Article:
Without salt, life cannot exist. Our bodies utilize salt for a variety of essential, life-preserving functions, as do most land and marine animals on earth. The health benefits of salt may be murky at times and filled with conflicting information, but there’s no denying it’s good for our bodies.
Salt, in moderation, can help a wide variety of bodily functions and is necessary in maintaining a healthy balance of many vital elements. According to a recent report by the Centers for Disease Control, ingesting too much salt – as well as too little salt – can result in significantly higher risks of heart disease, strokes, heart attacks and congestive heart failure.
The report found the sweet spot to be between 3,000 milligrams and 7,000 milligrams.
That’s a radical departure from the prevailing historical and conventional dietary talking points about salt that suggests a daily limit of 2,300 milligrams; and 1,500 milligrams for a low-salt diet. Those figures still hold true as far as the U.S. Dietary Guidelines go.
Those findings will no doubt come under continued scrutiny and you should consult your doctor for all health and dietary issues, but there are a few health benefits of salt that don’t come with a controversial asterisk.
So, what does salt do? And how important is it to good health?
Salt Helps the Body Regulate Fluids
Two of the key electrolytes the body craves are sodium and chloride. Salt and sodium are not synonymous. Salt contains about 40% sodium and the body uses these two electrolytes to regulate our fluid levels. We lose salt through normal daily activities and when the body craves more fluids, we become thirsty.
Salt Helps Muscle Contraction
Salt helps fire electrical impulses in the nerves that stimulate muscle contraction. The reason athletes consume drinks high in electrolytes (sodium and chloride) is that they help with hydration, but also help prevent muscle cramping. Salt also helps guard against sunstroke during hot weather.
Salt Aids in Digestion
From the first taste on your tongue to your stomach, salt helps aid with the digestion and absorption of food. Salt helps activate enzymes in the mouth and creates hydrochloric acid in the stomach.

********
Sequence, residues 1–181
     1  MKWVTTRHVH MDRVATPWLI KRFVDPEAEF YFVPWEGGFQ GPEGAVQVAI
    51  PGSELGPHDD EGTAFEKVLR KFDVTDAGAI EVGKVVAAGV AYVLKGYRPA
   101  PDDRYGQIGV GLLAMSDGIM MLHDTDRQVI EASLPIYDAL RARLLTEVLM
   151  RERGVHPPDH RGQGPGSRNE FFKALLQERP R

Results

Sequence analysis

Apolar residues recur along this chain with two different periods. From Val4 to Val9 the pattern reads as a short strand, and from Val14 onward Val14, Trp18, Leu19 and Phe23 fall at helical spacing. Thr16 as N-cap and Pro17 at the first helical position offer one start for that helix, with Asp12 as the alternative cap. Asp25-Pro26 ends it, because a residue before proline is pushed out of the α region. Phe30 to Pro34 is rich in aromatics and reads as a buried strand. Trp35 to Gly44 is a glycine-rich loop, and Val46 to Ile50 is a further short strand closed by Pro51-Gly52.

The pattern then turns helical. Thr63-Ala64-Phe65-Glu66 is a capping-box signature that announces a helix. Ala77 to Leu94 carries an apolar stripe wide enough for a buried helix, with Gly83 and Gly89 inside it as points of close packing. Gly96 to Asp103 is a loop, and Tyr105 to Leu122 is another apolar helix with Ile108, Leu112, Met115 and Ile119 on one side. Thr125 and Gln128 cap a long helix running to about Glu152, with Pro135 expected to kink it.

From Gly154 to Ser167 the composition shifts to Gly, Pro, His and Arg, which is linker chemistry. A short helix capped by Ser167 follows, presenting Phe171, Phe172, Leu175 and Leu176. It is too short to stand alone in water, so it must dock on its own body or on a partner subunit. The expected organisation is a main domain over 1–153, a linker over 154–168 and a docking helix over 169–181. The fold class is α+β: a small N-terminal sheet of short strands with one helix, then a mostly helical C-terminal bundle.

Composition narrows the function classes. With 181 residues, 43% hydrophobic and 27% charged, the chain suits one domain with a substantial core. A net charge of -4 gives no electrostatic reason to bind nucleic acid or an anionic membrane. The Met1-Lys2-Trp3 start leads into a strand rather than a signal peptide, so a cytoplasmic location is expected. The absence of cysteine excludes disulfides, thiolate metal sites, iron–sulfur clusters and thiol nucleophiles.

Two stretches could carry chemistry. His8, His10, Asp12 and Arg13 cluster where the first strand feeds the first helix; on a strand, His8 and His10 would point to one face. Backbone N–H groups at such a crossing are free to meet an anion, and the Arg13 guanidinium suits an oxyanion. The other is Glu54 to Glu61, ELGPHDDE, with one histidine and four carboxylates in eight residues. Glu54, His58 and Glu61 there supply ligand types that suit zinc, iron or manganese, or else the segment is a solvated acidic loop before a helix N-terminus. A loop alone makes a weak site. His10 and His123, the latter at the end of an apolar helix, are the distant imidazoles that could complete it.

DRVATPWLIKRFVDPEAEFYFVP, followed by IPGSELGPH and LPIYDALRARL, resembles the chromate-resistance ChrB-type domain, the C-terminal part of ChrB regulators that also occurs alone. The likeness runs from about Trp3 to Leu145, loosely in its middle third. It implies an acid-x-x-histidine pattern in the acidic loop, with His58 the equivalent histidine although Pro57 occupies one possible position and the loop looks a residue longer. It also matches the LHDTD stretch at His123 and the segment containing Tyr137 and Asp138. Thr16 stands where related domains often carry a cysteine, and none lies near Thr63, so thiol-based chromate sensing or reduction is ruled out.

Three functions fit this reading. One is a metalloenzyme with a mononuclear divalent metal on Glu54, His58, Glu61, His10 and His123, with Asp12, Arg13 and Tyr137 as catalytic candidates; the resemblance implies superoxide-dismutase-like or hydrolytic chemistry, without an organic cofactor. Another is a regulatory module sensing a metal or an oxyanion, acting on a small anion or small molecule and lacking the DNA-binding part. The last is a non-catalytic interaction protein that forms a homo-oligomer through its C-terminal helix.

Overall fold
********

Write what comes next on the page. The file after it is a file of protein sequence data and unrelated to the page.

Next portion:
Salt is an Antihistamine
Natural sea salt can be a powerful natural antihistamine. Some studies have found it helps relieve symptoms caused by allergies.
Salt Can Aid Respiratory Functions
Consuming sea salt can help clear up sinuses and provide some relief for asthma sufferers. If you’re experiencing excess mucous and phlegm, salt can help clear it up and provide natural relief for that as well.
Salt Can Help with Mild Depression
Some studies have indicated that a salt depletion or deficit in the body can lead to fatigue and depression-related symptoms. In those studies, a simple salt pill typically remedied the symptoms in short order. Salt shouldn’t be confused with being a treatment or a cure for depression, but if you’re having a sluggish or down day, try a jolt of something salty and see if it helps.
Salt is Good for the Skin
The minerals in unrefined sea salt have been shown to help maintain healthy skin. Both internally and externally, salt has been used to successfully treat such skin conditions as eczema and psoriasis.
Salt Helps Enhance Food
OK. This last one really isn’t a true health benefit, but it could be. When used properly in moderation, high-quality sea salts can instantly transform a dish from ordinary to extraordinary with a simple finishing pinch. You can use them to add texture, appealing colour, and enhance flavour to almost any dish in the kitchen. And eating well is a great benefit.